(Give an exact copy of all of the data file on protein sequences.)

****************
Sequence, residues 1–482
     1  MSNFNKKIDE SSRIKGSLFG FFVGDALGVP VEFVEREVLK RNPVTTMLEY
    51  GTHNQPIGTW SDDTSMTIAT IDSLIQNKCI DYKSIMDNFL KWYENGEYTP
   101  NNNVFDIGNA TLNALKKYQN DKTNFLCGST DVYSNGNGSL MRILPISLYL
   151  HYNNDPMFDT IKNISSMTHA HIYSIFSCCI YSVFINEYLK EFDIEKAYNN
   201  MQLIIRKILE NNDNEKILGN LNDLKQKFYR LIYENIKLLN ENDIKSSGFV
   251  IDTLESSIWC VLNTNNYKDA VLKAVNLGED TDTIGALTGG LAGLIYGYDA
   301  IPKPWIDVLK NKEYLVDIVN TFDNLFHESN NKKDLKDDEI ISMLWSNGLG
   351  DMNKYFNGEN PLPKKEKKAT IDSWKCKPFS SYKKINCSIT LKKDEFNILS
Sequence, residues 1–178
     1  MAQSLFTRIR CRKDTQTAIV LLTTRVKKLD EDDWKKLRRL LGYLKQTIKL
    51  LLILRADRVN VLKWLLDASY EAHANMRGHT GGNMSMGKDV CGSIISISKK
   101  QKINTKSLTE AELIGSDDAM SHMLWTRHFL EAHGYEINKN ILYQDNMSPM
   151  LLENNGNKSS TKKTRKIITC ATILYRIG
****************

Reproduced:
Sequence, residues 1–482
     1  MSNFNKKIDE SSRIKGSLFG FFVGDALGVP VEFVEREVLK RNPVTTMLEY
    51  GTHNQPIGTW SDDTSMTIAT IDSLIQNKCI DYKSIMDNFL KWYENGEYTP
   101  NNNVFDIGNA TLNALKKYQN DKTNFLCGST DVYSNGNGSL MRILPISLYL
   151  HYNNDPMFDT IKNISSMTHA HIYSIFSCCI YSVFINEYLK EFDIEKAYNN
   201  MQLIIRKILE NNDNEKILGN LNDLKQKFYR LIYENIKLLN ENDIKSSGFV
   251  IDTLESSIWC VLNTNNYKDA VLKAVNLGED TDTIGALTGG LAGLIYGYDA
   301  IPKPWIDVLK NKEYLVDIVN TFDNLFHESN NKKDLKDDEI ISMLWSNGLG
   351  DMNKYFNGEN PLPKKEKKAT IDSWKCKPFS SYKKINCSIT LKKDEFNILS
Sequence, residues 1–178
     1  MAQSLFTRIR CRKDTQTAIV LLTTRVKKLD EDDWKKLRRL LGYLKQTIKL
    51  LLILRADRVN VLKWLLDASY EAHANMRGHT GGNMSMGKDV CGSIISISKK
   101  QKINTKSLTE AELIGSDDAM SHMLWTRHFL EAHGYEINKN ILYQDNMSPM
   151  LLENNGNKSS TKKTRKIITC ATILYRIG